In article      
 
[48]  Breisinger, C., van Rheenen, T., Ringler, C., Nin Pratt, A., Minot, N., Aragon, C., Yu, B., Ecker, O., and Zhu, T, Food security and economic development in the Middle East and North Africa: current state and future perspectives. IFPRI Discussion Paper 00985, Washington D.C. 2010.
In article      
 
[49]  FAO, Global food price monitor - Highlights. Food and Agriculture Organisation of the United Nations (FAO), Rome. 2011. Available at: http://www.fao.org/giews/english/gfpm/GFPM_03_2011.pdf.
In article      
 
[50]  Capone, R., Lamaddalena, N., Lamberti, L., Elferchichi, A., and El Bilali, H, “Food consumption patterns and sustainable natural resources management in the Mediterranean region,” Journal of Food Science and Engineering, 2(8). 437-451. 2012. Available at: http://www.davidpublishing.com/journals_show_abstract.html?7629-0.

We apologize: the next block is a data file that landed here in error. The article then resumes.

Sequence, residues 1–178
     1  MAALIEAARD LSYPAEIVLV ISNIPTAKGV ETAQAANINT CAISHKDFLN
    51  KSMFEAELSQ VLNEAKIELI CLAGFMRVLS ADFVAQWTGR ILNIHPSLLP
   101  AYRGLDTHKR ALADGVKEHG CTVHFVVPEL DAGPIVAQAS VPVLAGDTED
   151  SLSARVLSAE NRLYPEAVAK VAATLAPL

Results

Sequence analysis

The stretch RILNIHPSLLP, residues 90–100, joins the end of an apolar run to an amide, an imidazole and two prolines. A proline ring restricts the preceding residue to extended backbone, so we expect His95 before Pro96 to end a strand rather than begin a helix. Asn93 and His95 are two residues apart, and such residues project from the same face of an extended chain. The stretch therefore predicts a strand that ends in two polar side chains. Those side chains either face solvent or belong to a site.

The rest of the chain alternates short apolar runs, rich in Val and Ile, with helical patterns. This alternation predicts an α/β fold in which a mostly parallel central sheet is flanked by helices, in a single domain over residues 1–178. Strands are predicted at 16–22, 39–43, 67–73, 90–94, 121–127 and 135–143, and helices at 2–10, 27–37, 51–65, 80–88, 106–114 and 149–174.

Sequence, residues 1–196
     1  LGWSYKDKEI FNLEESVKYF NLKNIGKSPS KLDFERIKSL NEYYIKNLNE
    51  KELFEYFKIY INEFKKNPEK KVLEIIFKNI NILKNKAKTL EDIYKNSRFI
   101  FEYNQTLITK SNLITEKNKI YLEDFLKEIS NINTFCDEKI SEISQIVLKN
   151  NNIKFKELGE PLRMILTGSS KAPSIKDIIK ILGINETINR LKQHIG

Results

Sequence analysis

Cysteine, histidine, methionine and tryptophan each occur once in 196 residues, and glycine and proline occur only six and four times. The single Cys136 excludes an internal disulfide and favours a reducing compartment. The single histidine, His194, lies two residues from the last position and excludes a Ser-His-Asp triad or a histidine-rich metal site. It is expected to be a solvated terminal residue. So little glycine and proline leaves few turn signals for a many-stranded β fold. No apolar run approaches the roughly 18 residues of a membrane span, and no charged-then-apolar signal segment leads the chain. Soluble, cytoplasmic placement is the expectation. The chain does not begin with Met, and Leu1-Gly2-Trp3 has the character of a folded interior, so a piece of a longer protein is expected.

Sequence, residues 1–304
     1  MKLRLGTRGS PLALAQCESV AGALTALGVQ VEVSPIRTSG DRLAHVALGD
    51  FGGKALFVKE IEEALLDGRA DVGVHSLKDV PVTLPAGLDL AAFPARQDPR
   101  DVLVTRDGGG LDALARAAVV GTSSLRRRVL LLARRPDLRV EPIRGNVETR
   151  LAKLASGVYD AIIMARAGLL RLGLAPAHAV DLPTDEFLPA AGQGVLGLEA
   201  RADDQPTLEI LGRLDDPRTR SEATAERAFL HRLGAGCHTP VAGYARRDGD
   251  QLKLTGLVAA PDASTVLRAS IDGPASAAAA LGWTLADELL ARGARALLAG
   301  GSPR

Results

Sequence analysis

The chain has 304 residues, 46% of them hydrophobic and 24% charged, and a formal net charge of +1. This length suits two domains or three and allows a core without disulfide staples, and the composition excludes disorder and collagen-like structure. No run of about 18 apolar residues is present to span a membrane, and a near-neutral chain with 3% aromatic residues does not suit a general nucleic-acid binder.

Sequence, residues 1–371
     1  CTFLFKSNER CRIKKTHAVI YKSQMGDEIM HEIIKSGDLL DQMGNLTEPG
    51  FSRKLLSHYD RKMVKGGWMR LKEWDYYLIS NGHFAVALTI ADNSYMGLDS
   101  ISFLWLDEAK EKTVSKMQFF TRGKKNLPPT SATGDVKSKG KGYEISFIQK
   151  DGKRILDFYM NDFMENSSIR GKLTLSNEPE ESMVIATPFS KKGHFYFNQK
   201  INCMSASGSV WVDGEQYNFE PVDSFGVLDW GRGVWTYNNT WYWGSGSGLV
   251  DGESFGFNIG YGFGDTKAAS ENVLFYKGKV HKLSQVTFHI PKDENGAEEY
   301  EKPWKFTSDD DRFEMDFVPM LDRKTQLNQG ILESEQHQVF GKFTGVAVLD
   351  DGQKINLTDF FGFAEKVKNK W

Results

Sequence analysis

In article      
 
[51]  Rajiv, Sh, Clinton Global Initiative Annual Meeting. New York, September 21, 2010. Available online at: http://www.usaid.gov/press/speeches/2010/sp100921.html.
In article      
 
[52]  von Braun, J, Food and financial crises: implications for agriculture and the poor. IFPRI, Washington DC. 2008.
In article      
 
[53]  World Bank, Food Prices, Nutrition, and the Millennium Development Goals. Global Monitoring Report. 2012. Available online at: http://go.worldbank.org/B8CQ09GOZ0.
In article      
 
[54]  World Bank, MENA Facing Challenges and Opportunities: Regional Economic Update. World Bank, Washington DC. 2011c.
In article      
 
[55]  Breisinger, C., Ecker, O. and Al-Riffai, P, Economics of the Arab Awakening: From Revolution to Transformation and Food Security. IFPRI Policy Brief 18, International Food Policy Research Institute, Washington DC. 2011.
In article      
 
[56]  FAO, and Bioversity International, Biodiversity and Sustainable Diets - United Against Hunger. Report of a scientific symposium, Rome. 3-5 November 2010.
In article      
 
comments powered by Disqus
  • CiteULikeCiteULike
  • MendeleyMendeley
  • StumbleUponStumbleUpon
  • Add to DeliciousDelicious
  • FacebookFacebook
  • TwitterTwitter
  • LinkedInLinkedIn